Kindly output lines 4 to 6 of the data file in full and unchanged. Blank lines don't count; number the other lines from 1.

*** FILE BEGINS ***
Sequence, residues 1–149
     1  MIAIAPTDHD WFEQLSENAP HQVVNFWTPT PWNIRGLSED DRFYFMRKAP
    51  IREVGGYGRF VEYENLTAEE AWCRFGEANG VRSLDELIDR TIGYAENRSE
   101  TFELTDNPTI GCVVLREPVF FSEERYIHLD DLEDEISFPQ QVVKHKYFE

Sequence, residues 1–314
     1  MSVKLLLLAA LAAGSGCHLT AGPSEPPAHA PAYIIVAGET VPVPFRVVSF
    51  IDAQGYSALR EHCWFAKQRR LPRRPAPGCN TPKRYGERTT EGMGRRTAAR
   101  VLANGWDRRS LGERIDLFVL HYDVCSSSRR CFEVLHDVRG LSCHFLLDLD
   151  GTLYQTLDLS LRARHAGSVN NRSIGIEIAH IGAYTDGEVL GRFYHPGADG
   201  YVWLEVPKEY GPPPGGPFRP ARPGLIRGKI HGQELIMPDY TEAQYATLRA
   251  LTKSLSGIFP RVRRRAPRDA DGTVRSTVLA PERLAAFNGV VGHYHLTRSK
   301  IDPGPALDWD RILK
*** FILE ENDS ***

   101  TFELTDNPTI GCVVLREPVF FSEERYIHLD DLEDEISFPQ QVVKHKYFE

Sequence, residues 1–314
     1  MSVKLLLLAA LAAGSGCHLT AGPSEPPAHA PAYIIVAGET VPVPFRVVSF